Thanks to the occidental misinterpretation of Karate, most practitioners who pursue the martial art do so chasing some idolised pseudo fighting system, that somehow teach ancient methods of combat capable of killing in a single blow. For the true karateka (practitioner of karate), Karate is considered as an internal conflict which can be won only through self discipline and diligent training.
Karate-do (translates as 'Empty Hand') was developed in the Ryukyu Kingdom (currently Okinawa) prior to its annexation by Japan. With strong trade relations and cultural exchanges with the Ming Dynasty, the current model of Karate was derived from the indigenous fighting methods called 'Te' and 'Chinese Kempō'.
The Ryukyu Kingdom then introduced the style to the mainland where the fighting system proliferated throughout the era of increased Japanese Militarism. During this time Japan was invading China and to distinguish the combat systems between the nations, the Japanese Art was formally changed to 'way of the empty hand' to be established as a path to self knowledge, self improvement, discipline and hard training.
Karate is a striking fighting system that utilised punches, kicks, elbows and knees combined with open hand techniques such as locks, restraints, joint manipulation and throws. Karateka then use these techniques to administer sharp blows to pressure sensitive areas of an opponent's body.
The fighting system is multifaceted with a wide variety of different strikes and blocking elements. Traditionally, the majority of strikes conform to a linear path for maximum point to point efficiency. Despite being a focused linear strike, the movement utilises power from thrust and hip rotation, putting the entire force of the body behind a single blow. Other strikes include sharp snapping reflexes to inflict damage as opposed to thrusts but the same principles apply.
Blocking occurs on more of an arcing path used to effectively deflect and even unstable an opponent to create an opportunity for a counter-attack. Along the lines of deflection there are locks, grapples and throws that are used to restrain and dismount an opponent's balance.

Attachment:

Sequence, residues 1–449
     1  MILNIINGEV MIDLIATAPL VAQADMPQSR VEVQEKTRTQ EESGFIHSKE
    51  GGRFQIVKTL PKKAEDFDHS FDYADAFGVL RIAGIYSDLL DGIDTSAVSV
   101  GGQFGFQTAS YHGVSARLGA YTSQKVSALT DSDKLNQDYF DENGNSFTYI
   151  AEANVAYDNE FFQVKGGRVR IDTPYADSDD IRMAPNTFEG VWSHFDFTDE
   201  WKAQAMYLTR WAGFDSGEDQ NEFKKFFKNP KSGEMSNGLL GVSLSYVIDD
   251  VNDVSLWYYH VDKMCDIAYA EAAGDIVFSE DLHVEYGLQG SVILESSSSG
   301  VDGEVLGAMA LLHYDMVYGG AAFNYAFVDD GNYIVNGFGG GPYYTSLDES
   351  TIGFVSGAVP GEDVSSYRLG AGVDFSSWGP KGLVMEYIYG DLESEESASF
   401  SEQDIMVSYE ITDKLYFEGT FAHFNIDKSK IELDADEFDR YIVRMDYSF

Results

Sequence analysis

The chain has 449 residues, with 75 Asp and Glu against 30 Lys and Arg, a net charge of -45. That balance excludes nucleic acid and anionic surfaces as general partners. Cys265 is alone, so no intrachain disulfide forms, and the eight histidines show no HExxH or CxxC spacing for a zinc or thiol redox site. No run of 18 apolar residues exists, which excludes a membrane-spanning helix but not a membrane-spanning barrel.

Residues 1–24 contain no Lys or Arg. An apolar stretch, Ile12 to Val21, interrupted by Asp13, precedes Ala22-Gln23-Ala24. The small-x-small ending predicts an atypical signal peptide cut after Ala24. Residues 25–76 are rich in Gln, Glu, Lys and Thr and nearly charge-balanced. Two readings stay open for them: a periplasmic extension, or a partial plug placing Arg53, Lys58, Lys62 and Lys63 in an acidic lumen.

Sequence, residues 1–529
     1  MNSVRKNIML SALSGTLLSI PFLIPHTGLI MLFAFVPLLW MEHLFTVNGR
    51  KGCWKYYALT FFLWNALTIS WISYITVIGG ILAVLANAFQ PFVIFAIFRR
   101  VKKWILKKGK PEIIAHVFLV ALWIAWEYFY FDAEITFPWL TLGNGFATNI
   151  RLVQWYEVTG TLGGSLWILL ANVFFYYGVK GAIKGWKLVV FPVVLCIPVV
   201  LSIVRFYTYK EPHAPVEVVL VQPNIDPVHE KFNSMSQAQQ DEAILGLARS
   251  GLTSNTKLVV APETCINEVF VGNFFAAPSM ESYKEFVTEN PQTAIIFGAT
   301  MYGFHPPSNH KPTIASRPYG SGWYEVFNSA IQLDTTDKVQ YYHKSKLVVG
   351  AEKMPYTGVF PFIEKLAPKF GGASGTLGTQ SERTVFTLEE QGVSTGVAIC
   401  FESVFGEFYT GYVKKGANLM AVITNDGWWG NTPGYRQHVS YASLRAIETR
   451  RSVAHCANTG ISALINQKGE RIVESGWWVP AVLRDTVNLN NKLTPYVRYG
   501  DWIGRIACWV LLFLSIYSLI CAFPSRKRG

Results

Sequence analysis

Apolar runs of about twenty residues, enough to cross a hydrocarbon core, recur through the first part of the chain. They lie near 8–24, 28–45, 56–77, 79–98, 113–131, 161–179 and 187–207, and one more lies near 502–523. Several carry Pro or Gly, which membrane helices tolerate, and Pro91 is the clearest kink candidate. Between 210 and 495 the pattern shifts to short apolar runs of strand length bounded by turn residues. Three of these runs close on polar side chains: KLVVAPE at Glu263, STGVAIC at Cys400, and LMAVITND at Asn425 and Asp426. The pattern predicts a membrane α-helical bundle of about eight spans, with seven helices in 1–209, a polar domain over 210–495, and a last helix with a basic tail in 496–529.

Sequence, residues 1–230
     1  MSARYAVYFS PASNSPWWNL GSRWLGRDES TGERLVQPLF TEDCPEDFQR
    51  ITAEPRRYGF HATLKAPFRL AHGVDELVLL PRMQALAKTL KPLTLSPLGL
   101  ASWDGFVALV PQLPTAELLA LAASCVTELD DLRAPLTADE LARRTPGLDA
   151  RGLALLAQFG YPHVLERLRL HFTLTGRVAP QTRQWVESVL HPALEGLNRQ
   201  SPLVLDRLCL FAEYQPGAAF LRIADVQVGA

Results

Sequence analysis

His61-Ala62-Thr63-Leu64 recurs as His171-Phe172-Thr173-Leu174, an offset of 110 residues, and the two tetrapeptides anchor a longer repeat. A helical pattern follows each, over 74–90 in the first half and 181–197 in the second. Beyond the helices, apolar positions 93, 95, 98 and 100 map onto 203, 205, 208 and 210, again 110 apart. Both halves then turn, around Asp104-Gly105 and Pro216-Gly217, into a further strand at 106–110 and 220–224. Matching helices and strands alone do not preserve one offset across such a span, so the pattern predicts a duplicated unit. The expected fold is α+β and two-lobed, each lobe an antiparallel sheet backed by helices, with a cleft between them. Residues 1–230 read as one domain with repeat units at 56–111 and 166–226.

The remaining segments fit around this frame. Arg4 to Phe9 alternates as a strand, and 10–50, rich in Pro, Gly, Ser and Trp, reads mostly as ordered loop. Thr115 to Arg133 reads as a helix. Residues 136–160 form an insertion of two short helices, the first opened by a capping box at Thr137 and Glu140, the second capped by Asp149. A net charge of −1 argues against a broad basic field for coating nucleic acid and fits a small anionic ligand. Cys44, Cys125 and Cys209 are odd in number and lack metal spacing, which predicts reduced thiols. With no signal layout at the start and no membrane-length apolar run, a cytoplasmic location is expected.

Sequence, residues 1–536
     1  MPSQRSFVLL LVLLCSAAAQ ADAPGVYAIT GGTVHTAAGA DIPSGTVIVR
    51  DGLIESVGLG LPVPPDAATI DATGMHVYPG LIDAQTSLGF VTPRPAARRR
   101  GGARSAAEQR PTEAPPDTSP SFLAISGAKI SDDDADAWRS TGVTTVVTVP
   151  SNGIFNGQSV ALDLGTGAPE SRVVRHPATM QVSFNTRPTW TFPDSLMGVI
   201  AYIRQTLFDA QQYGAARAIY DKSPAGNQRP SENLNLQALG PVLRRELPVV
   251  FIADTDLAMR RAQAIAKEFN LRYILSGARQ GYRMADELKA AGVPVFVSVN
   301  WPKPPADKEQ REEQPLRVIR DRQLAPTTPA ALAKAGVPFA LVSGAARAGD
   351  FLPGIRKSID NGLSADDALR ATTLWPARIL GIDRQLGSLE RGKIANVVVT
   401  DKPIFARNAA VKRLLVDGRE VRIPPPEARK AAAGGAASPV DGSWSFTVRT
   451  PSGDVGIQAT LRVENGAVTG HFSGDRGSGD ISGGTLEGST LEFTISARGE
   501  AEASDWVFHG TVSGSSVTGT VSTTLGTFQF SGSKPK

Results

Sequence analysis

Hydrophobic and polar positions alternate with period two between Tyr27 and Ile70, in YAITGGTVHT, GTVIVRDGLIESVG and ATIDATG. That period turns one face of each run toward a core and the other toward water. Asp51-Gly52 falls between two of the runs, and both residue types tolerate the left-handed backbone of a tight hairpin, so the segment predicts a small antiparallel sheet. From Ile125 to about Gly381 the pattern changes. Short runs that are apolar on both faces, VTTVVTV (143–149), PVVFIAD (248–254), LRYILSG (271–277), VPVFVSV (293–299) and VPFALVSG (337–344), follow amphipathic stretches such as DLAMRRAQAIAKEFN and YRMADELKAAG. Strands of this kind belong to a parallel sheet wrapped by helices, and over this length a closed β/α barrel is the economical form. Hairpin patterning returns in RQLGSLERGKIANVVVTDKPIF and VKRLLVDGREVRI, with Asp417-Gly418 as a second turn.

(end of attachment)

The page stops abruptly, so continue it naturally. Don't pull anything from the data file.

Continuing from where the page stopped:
The study of Karate can be broken down into three distinct training methods. Kihon (translates as 'basics') are rudimentary drills run individually or in smaller group to learn the fundamentals of each technique, executed continuously in repetition.
Kata (translates as 'form' or 'shape') is a series of choreographed offensive and defensive postures. These forms often utilise low and wide stances to increase leg strength, core balance and posture while gracefully executing techniques perfected through timing and rhythm. The vigorous arm movements serve to increase cardiovascular fitness and upper body strength. These drills are effective for keeping the body soft, supple and agile without any conditioning.
Ideally kata is to be visualised as a pre-arranged fight choreographed against an invisible opponent. Nonetheless each movement and technique has the potential of being a fatal strike. Each kata is consistent of a variety of steps, turns, strikes, blocks and stances, a ritualised method of self training to practice perfect execution of form, breathing patterns and combat manoeuvring.
Derived from each studied kata are the necessary techniques used in a sparring scenario, replacing the pre-arranged choreography for ones individual instinct. Kumite (translates as 'meeting of hands') is another physical element of Karate training. It is practiced for self-defence and as a competitive sport. Embracing the knowledge learnt from kihon conditioning and kata training and using it against an opponent. There are a few varying scenarios for kumite such as free sparring and full contact bouts.